U.N. says arms imports keep Congo at war

The key to ending Congo’s civil war and the plunder of its wealth is to break the “vicious cycle” of arms shipments to the African nation, a U.N.-appointed panel said Tuesday. In its final report to the Security Council released Tuesday, the panel called on the international community to focus on halting the flow of illegal arms.

The panel, following a three-year study, gave the council details on groups and individuals involved in arms trafficking, which is funded by the illegal sale of Congo’s diamonds, gold and other riches, The Associated Press reports.

But that information was not released, leaving it up to the council, which will discuss the report on Thursday, to decide whether to make it public, the AP reports. Some U.N. officials worried that identifying traffickers could jeopardize peace efforts.

In October 2002, the panel accused criminal groups linked to the armies of Rwanda, Uganda, Zimbabwe, and Congo of plundering Congo’s riches and called on the Security Council to impose financial restrictions on 29 companies and 54 individuals. It also named over 70 companies in Asia, Africa, Europe, and North America, which it alleged had violated international standards for business ethics.

The panel said that 119 of the 157 parties it named last year responded to the report, the AP reports. Over the past year, its members met with almost all of them and resolved 61 cases.

But it said the cases against 18 companies weren’t “resolved”—including international diamond giant De Beers and Avient Air and Das Air of Britain—but it didn’t give specifics on why, the AP reports. The panel said it referred the cases to the Organization for Economic Cooperation and Development “for updating or further investigation.”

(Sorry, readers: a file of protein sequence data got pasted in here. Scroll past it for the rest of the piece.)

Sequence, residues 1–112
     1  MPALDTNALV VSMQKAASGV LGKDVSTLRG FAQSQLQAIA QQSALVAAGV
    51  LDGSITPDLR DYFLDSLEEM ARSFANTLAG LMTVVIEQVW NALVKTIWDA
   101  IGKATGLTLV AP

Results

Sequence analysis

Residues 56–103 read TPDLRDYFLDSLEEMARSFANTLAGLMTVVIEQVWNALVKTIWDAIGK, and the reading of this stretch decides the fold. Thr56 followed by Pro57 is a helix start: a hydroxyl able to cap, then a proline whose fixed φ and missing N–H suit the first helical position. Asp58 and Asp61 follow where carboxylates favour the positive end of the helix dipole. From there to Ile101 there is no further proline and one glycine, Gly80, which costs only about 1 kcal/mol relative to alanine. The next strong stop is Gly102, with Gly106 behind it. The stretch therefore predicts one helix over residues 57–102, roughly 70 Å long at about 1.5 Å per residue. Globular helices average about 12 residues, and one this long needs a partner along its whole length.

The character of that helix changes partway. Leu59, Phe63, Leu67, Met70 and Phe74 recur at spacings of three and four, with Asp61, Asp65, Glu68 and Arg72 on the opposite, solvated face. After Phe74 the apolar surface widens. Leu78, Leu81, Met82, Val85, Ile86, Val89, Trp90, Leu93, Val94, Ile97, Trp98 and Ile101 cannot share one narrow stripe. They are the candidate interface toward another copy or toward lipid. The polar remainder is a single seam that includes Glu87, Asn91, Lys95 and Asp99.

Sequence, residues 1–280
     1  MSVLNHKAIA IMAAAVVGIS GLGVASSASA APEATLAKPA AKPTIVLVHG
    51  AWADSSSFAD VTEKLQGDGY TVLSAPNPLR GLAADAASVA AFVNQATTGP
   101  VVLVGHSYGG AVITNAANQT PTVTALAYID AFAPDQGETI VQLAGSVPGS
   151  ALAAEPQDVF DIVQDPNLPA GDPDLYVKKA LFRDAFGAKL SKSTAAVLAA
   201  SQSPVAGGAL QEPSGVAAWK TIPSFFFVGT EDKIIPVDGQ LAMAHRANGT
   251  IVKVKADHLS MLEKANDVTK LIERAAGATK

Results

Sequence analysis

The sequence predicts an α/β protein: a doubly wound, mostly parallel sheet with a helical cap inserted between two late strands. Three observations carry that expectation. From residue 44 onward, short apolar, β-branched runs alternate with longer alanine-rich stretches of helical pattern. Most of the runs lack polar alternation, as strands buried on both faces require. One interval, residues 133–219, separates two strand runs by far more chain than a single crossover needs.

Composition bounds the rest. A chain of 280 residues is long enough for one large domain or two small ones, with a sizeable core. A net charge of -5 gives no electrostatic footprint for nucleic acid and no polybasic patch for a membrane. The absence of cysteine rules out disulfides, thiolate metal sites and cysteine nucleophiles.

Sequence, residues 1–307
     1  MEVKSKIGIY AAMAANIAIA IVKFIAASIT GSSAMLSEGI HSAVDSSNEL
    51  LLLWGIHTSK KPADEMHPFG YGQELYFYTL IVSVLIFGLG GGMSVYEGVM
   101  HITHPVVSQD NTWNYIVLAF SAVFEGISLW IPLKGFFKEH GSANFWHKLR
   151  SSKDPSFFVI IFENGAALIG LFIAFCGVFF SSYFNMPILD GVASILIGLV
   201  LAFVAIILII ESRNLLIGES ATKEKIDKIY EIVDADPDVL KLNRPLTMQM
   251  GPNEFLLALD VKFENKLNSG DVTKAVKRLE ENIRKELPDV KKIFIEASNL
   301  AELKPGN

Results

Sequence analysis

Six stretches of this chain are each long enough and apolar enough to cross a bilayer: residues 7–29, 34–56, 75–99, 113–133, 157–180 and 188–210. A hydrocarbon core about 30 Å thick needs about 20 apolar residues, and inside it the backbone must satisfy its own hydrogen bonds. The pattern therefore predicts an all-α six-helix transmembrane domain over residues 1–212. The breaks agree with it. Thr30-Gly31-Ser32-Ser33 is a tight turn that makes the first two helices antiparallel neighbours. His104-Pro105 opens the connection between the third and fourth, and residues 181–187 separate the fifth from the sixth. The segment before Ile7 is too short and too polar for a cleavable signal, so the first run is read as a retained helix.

Another 38 companies and individuals were referred to governments for investigation, some at the request of the governments themselves.

The Security Council has imposed an arms embargo in areas of eastern Congo where fighting has intensified, and the panel proposed finding a way to implement it and track the arms supply chain from manufacturers to recipients and deter illegal trafficking.

To help ensure that Congo’s resources are legally exploited, it called on the Congolese government to give “serious consideration” to breaking up two “grossly inefficient” state-owned mineral resource enterprises, the copper producer Gecamines and the diamond company MIBA, the AP reports.

The panel also recommended the establishment “a natural resources fund” In an effort to see that Congolese people share in the country’s riches, the AP reports. The fund should be given a portion of the proceeds from the legal exploitation of the country’s mineral wealth and timber resources for schools, hospitals, and other projects, it said.